As a part-time SAHM and part-time substitute teacher, I have a fair amount of time on my hands from day to day.  I could spend that time surfing the web, playing on Twitter, Facebook & Pinterest and sleeping (which I’ve done and still do from time to time) or I could do something worthwhile with my time.  I decided that since I couldn’t find paying work, that I would occupy myself and give something back by volunteering in the community.  Over the holidays I worked at the H-E-B Feast of Sharing event and really enjoyed giving of myself and being involved with the event-goers.  This past weekend, I volunteered with the 25th Annual Asian Festival celebrating the Year of the Dragon at the University of Texas – San Antonio‘s Institute of Texan Cultures.

Saturday was a beautiful, sunny, blue-sky day.  Not a cloud in the sky, a little breezy but a gorgeous day for a festival.  I had a great volunteer job working in the “Command Center” which is the nerve center for the festival.  We sat at the loading dock at the ITC and waited for someone, anyone, to call or radio us from elsewhere at the festival and ask for help.  Usually it was that they needed something brought to them like ice or drinks or a cart for loading or unloading.  Then I or one of my other fellow volunteers would load up and head to wherever they needed us.  So, along the way we got to see pretty much the whole festival.  All of the vendors, concessionaires, and I got to see a couple of performers inside the ITC while waiting to load up some instruments.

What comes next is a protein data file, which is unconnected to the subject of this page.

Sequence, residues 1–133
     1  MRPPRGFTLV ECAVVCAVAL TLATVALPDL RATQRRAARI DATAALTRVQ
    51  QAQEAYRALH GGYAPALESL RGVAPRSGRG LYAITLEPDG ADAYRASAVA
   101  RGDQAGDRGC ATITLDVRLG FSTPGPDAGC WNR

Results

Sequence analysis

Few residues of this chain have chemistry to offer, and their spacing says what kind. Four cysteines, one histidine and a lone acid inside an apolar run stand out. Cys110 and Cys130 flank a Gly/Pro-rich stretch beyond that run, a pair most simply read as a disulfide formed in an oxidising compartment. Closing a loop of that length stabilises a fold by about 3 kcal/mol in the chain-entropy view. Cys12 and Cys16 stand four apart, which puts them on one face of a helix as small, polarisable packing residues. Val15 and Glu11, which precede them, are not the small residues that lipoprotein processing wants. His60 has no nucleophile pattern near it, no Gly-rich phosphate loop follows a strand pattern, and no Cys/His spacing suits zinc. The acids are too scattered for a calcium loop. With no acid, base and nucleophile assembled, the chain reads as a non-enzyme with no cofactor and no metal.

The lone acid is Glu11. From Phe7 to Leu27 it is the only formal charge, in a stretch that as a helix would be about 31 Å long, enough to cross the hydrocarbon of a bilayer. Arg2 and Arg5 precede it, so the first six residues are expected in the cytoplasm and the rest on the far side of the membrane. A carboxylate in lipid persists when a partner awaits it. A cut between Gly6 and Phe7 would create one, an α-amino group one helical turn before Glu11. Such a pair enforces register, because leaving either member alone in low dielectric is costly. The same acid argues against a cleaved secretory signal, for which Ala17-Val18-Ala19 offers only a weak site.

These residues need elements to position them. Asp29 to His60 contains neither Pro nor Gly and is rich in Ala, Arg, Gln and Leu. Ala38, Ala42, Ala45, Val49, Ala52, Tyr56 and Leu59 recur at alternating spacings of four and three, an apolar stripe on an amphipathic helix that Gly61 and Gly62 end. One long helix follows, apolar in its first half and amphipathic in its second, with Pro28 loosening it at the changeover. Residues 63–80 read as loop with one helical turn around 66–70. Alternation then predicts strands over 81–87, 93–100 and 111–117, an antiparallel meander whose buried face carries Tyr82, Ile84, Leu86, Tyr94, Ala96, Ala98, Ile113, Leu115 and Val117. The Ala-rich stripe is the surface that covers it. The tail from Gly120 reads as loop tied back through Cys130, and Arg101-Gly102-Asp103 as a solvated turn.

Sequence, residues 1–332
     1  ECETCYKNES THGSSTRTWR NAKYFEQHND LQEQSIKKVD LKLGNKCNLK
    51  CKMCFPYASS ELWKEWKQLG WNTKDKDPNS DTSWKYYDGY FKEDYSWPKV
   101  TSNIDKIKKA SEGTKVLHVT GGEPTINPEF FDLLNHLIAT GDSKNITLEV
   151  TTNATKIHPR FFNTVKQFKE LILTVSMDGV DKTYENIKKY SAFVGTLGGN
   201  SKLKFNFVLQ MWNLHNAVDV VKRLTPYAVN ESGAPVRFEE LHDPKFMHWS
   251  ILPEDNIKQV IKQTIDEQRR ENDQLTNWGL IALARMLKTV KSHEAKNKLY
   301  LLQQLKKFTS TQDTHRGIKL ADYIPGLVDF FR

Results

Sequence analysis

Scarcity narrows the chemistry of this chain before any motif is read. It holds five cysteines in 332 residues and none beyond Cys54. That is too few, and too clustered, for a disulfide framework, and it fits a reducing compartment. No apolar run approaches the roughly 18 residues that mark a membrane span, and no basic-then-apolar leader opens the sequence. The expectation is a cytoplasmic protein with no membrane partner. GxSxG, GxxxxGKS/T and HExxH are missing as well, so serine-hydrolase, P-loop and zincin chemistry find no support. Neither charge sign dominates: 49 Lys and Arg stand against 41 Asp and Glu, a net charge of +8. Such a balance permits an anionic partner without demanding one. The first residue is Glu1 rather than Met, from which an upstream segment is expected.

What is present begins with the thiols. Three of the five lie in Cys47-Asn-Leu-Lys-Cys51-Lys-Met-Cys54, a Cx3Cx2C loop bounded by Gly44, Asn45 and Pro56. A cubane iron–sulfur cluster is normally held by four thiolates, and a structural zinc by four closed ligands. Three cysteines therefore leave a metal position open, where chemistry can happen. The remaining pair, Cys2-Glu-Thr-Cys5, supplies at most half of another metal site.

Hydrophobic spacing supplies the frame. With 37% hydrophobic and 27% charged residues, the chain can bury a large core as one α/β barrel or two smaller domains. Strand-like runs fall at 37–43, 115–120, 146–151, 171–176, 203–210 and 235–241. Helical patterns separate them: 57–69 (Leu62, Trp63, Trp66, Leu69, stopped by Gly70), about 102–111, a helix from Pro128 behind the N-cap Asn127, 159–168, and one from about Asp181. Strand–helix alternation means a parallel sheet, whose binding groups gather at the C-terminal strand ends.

The Command Center also happened to be in a great place to see the acts on one of the outdoor stages so we got to experience nearly the whole festival while we were working.  One of the groups performing on the outdoor stage was a Chinese Dragon Dance, in honor of the Chinese New Year and the Year of the Dragon.  This dragon was 16 feet long and the staging area was right in front of our table.  It was beautiful to watch this team of dancers work together to make this 16 foot dragon move and undulate as if it was a real, living being.  They were quite a talented troupe.  I was surprised to see what a large and diverse Asian community San Antonio has.  After my volunteer shift ended, I was able to partake in some of the WIDE array of Asian street foods that the concessionaires offered for sale in the courtyard.  There was something from almost every country in Far East and South Asia that you could think of. Vietnamese, Chinese, Japanese, Indian, Filipino, Pakistani, and even Burmese! I was surprised at that one.  I got adobo chicken and pancit from the booth run by Tabares Filipino Market and some sushi from the Sushi Zushi booth.  I’d never had Filipino food before and was blown away at how good it was.  The market is fairly close to where I live so I hope to go by there soon to try more of their goodies.  A Filipino friend I know through Twitter says I have to try Lumpia, which are Filipino egg rolls.